Reports On South Sudan

Lauren Meyer, Loyola University Maryland:

The long-awaited report from the African Union regarding the abuses that transpired in South Sudan was released on Tuesday, October 27th, and its findings were extremely upsetting, though not entirely surprising. Since the conflict in South Sudan conflict erupted in 2013, the county has been filled with rampant violence, with thousands being killed. The most recent report of the African Union Commission of Inquiry on South Sudan found that evidence exists to support that killings, torture, mutilations and rape against civilians, and forced cannibalism are some of the atrocities that have occurred.

South Sudan seceded from Sudan in 2011 after years of war, making it the world’s youngest nation. The conflict in South Sudan began in December 2013 and in the recently released report, African Union investigators concluded that the conflict was not spurred by an attempted coup by former Vice President Riek Machar on President Salva Kiir, which was the reason initially purported as spurring the conflict. Prior, in July of 2013, President Kiir fired Machar, releasing him as his deputy. Instead of the coup, the investigators, therefore, determined that the conflict began after an altercation between soldiers of the two predominant ethic groups, Dinka and Nuer, following bouts of political tensions between the two politicians. When the violence began, Machar, who is a Nuer, became a rebel leader. Just three months ago, at the end of August, President Kiir signed a long awaited peace deal with the rebels, ending the 20-month conflict. Despite this, UN Officials remain wary about the prospects of immediate peace in the country because some of the commanders who split from Machar have stated that the peace deal does not mean anything to them. As such, official suspect the fighting may not be over.

The violence has largely been ethnic in nature with both sides in the conflict, government forces and the rebels, targeting civilians in a brutal manner. Reports of people being burned alive, beaten, shot, and women of all ages being subjected to sexual violence, such as being raped and gang-raped, and left unconscious or bleeding were documented. Mass graves were discovered and stories of people being forced to eat the human flesh or drink the human blood surfaced and were documented in the report. Although the violence perpetuated in the region is largely ethnic in nature, the African Union commission said that it “found no reasonable evidence to prove that genocide had been committed.” Even though these allegations began to surface in late 2013 and continued into 2014 they have prompted little reaction and coverage from the international community, particularly in the West.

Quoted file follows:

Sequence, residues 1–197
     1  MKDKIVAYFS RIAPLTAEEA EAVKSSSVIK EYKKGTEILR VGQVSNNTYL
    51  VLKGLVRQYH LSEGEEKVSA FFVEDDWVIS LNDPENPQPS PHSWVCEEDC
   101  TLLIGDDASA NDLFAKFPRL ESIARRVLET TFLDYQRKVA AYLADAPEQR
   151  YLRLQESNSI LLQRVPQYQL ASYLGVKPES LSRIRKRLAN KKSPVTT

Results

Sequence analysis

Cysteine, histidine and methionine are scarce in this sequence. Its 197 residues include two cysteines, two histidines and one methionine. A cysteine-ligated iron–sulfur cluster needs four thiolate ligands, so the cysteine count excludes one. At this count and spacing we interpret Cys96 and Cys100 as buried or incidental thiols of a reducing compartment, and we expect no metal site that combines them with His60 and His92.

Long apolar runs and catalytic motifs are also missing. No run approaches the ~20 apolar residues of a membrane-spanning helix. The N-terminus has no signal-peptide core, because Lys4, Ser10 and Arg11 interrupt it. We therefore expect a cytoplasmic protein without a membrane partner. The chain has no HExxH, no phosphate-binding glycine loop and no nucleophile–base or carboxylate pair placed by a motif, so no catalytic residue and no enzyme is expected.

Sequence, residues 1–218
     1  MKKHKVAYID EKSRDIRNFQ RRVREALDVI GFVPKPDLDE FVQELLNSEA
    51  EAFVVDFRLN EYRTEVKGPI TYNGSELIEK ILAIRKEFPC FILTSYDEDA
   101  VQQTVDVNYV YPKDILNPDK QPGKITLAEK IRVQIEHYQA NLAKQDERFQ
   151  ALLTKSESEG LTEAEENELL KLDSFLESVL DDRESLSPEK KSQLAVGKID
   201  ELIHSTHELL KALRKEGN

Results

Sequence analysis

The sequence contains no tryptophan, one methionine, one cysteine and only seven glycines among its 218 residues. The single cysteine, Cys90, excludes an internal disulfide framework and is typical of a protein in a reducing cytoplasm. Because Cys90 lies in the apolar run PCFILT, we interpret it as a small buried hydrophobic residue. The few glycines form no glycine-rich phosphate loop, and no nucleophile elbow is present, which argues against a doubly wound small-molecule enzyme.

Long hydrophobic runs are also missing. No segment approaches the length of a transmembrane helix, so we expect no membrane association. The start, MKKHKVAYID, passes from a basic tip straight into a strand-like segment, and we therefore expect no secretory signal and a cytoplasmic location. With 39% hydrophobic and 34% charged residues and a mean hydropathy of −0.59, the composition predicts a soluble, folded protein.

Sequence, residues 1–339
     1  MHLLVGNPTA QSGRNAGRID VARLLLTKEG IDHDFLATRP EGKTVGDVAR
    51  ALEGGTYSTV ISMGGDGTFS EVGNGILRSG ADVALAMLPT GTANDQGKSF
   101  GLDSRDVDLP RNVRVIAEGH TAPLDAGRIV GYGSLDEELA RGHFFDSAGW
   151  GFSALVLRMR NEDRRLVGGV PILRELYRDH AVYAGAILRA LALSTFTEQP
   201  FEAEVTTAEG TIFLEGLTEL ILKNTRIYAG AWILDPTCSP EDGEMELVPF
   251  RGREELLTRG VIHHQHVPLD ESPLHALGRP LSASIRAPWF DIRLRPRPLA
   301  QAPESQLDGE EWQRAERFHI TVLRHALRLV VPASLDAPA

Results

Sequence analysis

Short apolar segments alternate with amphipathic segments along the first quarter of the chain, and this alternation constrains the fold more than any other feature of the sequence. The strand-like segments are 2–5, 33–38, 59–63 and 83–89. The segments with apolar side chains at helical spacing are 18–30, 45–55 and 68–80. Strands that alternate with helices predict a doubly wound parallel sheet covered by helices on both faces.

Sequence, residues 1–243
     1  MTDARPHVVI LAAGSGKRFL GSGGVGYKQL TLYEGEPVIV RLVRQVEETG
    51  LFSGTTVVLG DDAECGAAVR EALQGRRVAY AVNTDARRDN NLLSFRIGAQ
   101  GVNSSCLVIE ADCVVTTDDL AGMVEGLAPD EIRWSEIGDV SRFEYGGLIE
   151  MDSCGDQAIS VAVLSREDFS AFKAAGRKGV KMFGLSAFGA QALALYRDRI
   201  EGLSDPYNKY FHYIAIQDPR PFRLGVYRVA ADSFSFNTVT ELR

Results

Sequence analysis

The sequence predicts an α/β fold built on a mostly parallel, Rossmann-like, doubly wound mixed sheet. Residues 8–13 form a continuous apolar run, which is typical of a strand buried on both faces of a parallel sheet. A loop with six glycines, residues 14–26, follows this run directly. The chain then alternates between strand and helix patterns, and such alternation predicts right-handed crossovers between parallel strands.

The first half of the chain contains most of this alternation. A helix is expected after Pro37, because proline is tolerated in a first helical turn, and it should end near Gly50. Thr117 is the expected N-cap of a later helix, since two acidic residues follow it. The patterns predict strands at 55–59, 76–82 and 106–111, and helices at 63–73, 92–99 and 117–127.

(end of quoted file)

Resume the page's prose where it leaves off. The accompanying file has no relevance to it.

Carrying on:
Despite the tens of thousands of people who have lost their lives and the over 1.6 million who have been internally displaced since the civil war broke out, the conflict has only garnered attention from Western powers when it has been convenient. In reference to the peace agreement that was assembled by many Western countries, including the United States and the United Kingdom, officials on the ground say that the agreement is not directly addressing the underlying causes of the violence. President Kiir said that he was suspicious of the deal saying, “The current peace we are signing today has so many things we have to reject.” Pressure from the United States and the United Nations has been observed as the main reason behind Kiir’s signing of the agreement, as both Washington and the U.N., threatened new sanctions and an arms embargo upon military leaders in the country if the agreement was not fulfilled.

With the peace deal largely being a formality, it will be interesting to see if the government forces and rebels comply with the agreement. In order to achieve some standard of peace and stability in the country, it is vital that both sides work towards ending the violence and brutality that has already affected too many lives. Although the West is not entirely to blame, it must be noted that as with many conflicts in the past, the West has played the role of the interventionist, coming in and attempting to create a solution to the problem. But when the West does this, the results are not always positive, because action is often taken without properly consulting those who are in the region, on the ground. Therefore, what Western powers propose is not likely to result in providing long-term peace. If we are going to choose to intervene, the West must be focused more on assisting in creating solutions that are deeply rooted in evidence from the country and are beneficial to the parties most involved, not just our own national interests. Until we learn how to intervene properly or how to not intervene at all, we will continue to allow conflicts to perpetuate, thus believing, either from naiveté or for purposes of expediency, that “Band-Aids” will fix complex situations. As a supposed “world power,” we should want to be better than that.

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